Bull Shark, Carcharhinus leucas: Length over 3 metres. Very stout body. Short snout. Small eyes. Large, pointed dorsal fin with deep base. Upper body smooth grey fading to paler grey below. Asymmetric caudal fin, upper lobe much bigger than lower. Warmer waters, adapted to fresh or brackish and murky water, so often enters river estuaries. Often found in shallow water. Potentially dangerous to humans, but do not normally attack divers unless they are spear fishing or shark feeding.

Tiger Shark, Galeocerdo cuvier: Length up to 5.5 metres. Distinctive tiger stripes on a grey body, lighter below. Stout head and snout. Found on reefs, coastal waters, river estuaries. Hunts in shallower water from dusk to dawn. Very indiscriminant feeder - will almost anything it can bite or swallow. Larger individuals may approach divers and have been known to attack, especially if there is chum or blood in the water. Treat with great respect; an attack by this species is much more likely to be fatal as, once it attacks it tends to finish the job. In my opinion, from a shark safety perspective, this is the one to watch out for.

Great White Shark, Carcharodon carcharias: Length up to 6 metres. Very stout body, conical snout and broad jaw with large, serrated, triangular teeth. Round, black eyes, no nictitating membrane. Long gill slits. Lunate tail, only slightly asymmetric. Upper body dark grey with distinct, ragged demarcation to pale underside. Prefers cooler water, uncommon in tropical seas. Usually close to coastlines, reefs and islands. Prey - fish, seals and sea lions, dolphins, carcasses, turtles, molluscs, crustaceans. Generally cautious of divers, but may approach closely. Most dangerous to spear fishermen or near seal colonies. Extreme caution.

Oceanic Whitetip, Carcharhinus longimanus: Length around 3 metres. Bronze or brown colouration, lighter below. Main distinguishing features are the broad, rounded dorsal and pectoral fins with blotchy white tips. Often escorted by black and white stripped pilot fish. Deep, open ocean. Preys on large, predatory fish such as tuna. Often very inquisitive and may circle swimmers or divers in search of a meal. Can be very unpredictable, especially larger individuals. Exercise extreme caution.

Short Fin Mako, Isurus oxyrinchus: Length 2- 4.5 metres. Upper surface is silver-blue to slate-grey, lower body very light grey. Very large dark eyes. Long conical snout. Lower jaw contains multiple rows of inward curving teeth. Rounded dorsal fin and symmetrical crescent tail. Warmer temperate to sub-tropical waters. Coastal and pelagic, prefers good visibility. Difficult to approach, but has been known to attack divers and swimmers. Its high-speed, close investigatory passes can be alarming.

Of course other sharks have been implicated in attacks. It is thought that Blue sharks and Bronze Whaler sharks have attacked humans, for expample. So the message is, 'treat them all with great respect'.

Bull Shark

Tiger Shark

Great White Shark

Oceanic Whitetip Shark

Shortfin Mako Shark

For your protection in the Red Sea. This neatly backs-up what I have explained in this article about diving with sharks and has an important marine conservation aspect as well as shark safety. HEPCA (The Hurgada Environmental Protection and Conservation Association) impose the following shark safety rules in the Hurgada area - these are mainly referring to Oceanic Whitetips:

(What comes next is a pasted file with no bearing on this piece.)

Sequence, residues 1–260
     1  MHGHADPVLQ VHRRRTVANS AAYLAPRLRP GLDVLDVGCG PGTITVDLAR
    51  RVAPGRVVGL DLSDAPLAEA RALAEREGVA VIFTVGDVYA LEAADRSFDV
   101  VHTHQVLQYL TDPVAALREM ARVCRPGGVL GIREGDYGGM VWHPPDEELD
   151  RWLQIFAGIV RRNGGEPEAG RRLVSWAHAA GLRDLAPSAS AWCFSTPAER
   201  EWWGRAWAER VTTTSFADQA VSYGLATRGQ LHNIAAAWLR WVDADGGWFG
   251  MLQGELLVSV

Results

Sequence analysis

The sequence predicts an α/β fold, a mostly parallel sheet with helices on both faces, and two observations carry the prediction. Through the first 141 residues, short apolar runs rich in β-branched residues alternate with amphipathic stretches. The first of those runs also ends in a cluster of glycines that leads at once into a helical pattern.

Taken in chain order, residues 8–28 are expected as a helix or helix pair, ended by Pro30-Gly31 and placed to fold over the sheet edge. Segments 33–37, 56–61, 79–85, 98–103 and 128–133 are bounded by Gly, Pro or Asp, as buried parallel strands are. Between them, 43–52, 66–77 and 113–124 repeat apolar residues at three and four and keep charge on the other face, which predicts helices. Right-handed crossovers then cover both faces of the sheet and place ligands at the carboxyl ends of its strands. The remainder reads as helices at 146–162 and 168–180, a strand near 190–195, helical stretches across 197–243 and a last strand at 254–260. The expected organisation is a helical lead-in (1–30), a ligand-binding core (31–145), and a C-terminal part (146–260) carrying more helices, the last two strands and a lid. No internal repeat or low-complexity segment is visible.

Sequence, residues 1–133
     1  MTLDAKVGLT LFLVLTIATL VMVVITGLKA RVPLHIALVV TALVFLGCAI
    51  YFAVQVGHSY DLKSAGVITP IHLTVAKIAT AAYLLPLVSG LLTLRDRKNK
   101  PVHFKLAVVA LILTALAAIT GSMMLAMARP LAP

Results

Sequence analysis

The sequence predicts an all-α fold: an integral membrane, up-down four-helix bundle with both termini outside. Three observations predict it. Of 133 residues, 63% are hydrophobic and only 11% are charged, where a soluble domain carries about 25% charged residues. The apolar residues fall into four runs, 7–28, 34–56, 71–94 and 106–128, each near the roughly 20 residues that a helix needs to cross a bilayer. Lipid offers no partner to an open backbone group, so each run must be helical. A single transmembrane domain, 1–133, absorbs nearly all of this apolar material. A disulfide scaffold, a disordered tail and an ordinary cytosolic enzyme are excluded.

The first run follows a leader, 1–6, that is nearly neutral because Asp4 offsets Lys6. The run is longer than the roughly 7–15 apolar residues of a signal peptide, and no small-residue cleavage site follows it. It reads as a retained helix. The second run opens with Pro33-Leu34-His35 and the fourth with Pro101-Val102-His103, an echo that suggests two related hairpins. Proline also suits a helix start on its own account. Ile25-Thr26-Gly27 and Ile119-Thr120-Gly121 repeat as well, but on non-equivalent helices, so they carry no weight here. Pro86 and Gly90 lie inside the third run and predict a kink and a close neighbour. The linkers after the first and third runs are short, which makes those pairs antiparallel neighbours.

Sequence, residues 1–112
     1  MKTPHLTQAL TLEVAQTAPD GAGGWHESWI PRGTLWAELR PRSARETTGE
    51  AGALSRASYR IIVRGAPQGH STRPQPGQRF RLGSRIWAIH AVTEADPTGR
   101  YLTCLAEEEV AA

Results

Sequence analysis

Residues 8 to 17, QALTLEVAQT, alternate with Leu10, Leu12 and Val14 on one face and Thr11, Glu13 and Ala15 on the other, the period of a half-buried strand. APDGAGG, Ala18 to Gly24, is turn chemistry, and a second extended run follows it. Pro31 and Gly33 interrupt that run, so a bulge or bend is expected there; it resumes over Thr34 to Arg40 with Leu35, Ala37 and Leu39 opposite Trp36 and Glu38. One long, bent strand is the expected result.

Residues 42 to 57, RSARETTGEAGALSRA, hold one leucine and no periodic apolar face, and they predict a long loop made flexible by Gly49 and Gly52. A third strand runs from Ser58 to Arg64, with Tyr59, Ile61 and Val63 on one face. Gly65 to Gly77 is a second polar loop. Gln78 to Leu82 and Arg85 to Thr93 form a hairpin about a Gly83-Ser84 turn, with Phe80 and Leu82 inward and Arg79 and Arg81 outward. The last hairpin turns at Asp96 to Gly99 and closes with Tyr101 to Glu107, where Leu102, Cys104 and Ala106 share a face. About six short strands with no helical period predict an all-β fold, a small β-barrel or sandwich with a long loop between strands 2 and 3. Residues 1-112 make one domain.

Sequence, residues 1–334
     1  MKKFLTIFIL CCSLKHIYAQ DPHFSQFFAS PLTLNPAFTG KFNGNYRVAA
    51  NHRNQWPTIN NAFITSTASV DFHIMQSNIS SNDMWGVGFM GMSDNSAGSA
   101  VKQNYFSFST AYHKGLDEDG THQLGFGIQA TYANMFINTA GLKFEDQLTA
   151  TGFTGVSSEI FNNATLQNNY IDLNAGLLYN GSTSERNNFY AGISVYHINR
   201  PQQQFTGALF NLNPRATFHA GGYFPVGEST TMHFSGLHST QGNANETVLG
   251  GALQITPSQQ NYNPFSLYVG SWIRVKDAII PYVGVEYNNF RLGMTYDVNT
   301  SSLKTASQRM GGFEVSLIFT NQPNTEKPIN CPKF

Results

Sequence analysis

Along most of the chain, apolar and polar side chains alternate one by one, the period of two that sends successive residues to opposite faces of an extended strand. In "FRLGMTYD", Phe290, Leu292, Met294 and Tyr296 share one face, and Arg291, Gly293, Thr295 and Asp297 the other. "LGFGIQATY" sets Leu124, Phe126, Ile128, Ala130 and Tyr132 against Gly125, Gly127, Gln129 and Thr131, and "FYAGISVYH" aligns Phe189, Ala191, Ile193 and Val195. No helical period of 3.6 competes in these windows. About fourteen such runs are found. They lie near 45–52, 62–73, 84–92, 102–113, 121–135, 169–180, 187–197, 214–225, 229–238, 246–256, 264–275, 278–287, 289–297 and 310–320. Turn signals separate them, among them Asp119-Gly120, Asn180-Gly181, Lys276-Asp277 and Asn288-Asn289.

No swimming or snorkelling in waters that large shark species are known to frequent

No deliberate feeding of sharks or dumping of waste from boats which may attract potentially dangerous sharks (both activities are illegal in Egyptian waters)

No SCUBA diving without an experienced dive guide in waters where large shark species are known to frequent

In areas such as the Far Islands, where large shark species are frequently observed, it is advisable that divers enter (and are retrieved from) the water as close as possible to the reef

In areas such as the Far Islands, where large shark species is frequently observed, it is illegal to be involved in any night diving activities.

Enjoy the moment. Sharks are becoming rarer at an alarming rate. All the more reason to enjoy every encounter while we can. If you are lucky enough to be diving with sharks, make a mental note of everything you can about the shark: overall size and bulk, shape and colouring, and fin configuration; if you couldn't be sure in the water, you will want to identify your shark after the dive. Watch its behaviour and try to understand its actions. Take pictures. In brief, enjoy the moment and always think about what you're doing. We would love to hear from you about your encounters. And remember, we all go diving with sharks far more often than we think. Just because you can't see them doesn't mean they're not there. I wonder how many ordinary dives are really diving with sharks without the divers knowing? For this reason, I use many of the techniques outlined here on every dive - you just never know...

Here is a great video about diving with sharks from The Underwater Channel. It's well worth clicking the full screen button bottom-left of the player, the quality is good enough for this. Running time 05:08. These are Tiger Sharks; note how relaxed they and the divers are. Maybe I should say that these guys are doing a number of things that I wouldn't: touching, feeding, hanging around the surface. Please don't make the mistake of thinking that seeing them doing it makes it OK. Remember what I said at the start, sharks are unpredictable.

For an introductory article about sharks, click the link below (Introduction to Sharks).

Contact Courtney